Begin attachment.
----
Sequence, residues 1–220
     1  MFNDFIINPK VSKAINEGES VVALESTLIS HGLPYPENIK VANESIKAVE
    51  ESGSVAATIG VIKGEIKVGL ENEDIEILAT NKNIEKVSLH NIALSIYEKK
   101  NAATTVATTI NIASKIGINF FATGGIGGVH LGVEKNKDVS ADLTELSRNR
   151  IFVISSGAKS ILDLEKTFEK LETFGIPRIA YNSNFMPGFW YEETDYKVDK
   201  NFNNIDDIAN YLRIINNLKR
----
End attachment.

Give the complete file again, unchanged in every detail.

Sequence, residues 1–220
     1  MFNDFIINPK VSKAINEGES VVALESTLIS HGLPYPENIK VANESIKAVE
    51  ESGSVAATIG VIKGEIKVGL ENEDIEILAT NKNIEKVSLH NIALSIYEKK
   101  NAATTVATTI NIASKIGINF FATGGIGGVH LGVEKNKDVS ADLTELSRNR
   151  IFVISSGAKS ILDLEKTFEK LETFGIPRIA YNSNFMPGFW YEETDYKVDK
   201  NFNNIDDIAN YLRIINNLKR